Whenever I get on the internet to learn about the markets, I’m flooded with advertisements selling classes. These classes all seem to follow the same theme – they teach you how to become “rich” on penny and micro-cap stocks (sounds like the Wolf of Wall Street). Some people get lucky and make money doing it, but the vast majority are simply throwing money into a pit. Now, let’s jump into the explanation of why microcap stocks are included in our red flags.
Keeping with our other flags, we have kept it as simple as possible here by only having one line. The line evaluates companies whose average market cap over the past year is less than $100 million, aka micro-cap and penny stocks.
Yes, there have been a few spikes in low market cap companies, but as a group, they still netted an 8% loss annually on average. Worse yet, there’s no argument that low market cap and penny stocks are far more volatile than the general market. That is reflected heavily by the 10.48% monthly standard deviation – over double the benchmark.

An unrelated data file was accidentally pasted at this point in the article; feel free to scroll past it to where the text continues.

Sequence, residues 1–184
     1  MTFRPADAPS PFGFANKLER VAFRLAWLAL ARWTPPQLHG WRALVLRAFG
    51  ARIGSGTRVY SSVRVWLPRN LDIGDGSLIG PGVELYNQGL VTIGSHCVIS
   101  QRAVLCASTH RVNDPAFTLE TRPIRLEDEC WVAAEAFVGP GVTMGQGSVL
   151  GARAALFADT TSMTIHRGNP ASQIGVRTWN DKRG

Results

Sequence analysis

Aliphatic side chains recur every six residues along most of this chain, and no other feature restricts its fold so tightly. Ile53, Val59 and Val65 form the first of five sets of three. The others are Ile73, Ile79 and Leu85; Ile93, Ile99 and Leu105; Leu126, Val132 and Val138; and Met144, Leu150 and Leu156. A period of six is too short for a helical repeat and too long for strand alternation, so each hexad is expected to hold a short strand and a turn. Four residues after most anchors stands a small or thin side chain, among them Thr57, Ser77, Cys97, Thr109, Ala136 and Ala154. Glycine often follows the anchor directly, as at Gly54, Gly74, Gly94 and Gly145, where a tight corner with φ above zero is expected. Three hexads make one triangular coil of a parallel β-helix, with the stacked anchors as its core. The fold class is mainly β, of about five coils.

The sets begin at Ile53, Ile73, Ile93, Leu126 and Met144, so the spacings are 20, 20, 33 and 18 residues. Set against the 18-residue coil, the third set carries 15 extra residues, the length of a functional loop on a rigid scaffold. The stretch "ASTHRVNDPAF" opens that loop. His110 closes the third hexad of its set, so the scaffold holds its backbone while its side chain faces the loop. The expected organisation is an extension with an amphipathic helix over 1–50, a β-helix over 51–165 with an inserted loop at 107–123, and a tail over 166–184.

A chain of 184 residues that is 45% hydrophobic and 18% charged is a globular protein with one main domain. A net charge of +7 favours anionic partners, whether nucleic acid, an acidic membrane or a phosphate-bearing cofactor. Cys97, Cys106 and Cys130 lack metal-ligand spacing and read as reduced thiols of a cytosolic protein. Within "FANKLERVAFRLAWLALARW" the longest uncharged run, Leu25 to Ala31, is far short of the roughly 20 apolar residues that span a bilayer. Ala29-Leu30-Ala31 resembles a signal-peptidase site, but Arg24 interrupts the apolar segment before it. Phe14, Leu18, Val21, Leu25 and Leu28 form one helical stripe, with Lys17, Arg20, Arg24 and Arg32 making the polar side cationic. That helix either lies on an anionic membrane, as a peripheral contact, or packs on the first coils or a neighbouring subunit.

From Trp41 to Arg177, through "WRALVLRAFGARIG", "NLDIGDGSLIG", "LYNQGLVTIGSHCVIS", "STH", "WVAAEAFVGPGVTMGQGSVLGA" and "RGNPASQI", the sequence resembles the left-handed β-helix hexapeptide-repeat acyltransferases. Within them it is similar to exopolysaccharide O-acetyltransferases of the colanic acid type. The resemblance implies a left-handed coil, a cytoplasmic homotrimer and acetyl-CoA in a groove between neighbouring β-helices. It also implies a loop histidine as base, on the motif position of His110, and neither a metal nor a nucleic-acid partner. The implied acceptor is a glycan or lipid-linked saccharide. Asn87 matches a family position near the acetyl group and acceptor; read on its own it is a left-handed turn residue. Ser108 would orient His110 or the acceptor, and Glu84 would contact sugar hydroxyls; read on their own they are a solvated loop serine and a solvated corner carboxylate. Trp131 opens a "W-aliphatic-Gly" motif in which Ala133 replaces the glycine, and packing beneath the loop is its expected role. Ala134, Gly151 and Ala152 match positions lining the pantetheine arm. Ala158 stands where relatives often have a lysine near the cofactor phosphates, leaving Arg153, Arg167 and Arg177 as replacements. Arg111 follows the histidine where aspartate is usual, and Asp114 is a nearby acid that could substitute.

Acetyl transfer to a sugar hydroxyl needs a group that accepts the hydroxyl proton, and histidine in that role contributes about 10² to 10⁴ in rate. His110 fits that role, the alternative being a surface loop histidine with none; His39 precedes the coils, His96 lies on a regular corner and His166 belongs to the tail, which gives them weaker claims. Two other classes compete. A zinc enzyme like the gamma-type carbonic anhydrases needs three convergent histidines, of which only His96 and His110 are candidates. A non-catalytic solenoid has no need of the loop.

If you historically invested in only companies with market caps of less than $100 million, roughly 62% of the companies would have given you a negative return. Yes, there are those few gems. For example, PLUG could’ve returned your portfolio 2,625% over 189 days. But the vast majority of micro-cap stocks that you invest in will result in a net loss – even if you have those few great buys to level it out.
For those of you with smaller accounts who have been thinking about purchasing companies like this, maybe don’t. I urge you to read up on tried and proven investing methods. You will immediately become a better investor by simply reading and implementing strategies from books like The Intelligent Investor. You will be able to find companies that cost less for you to own, and are more likely to make you a healthy profit in the long run.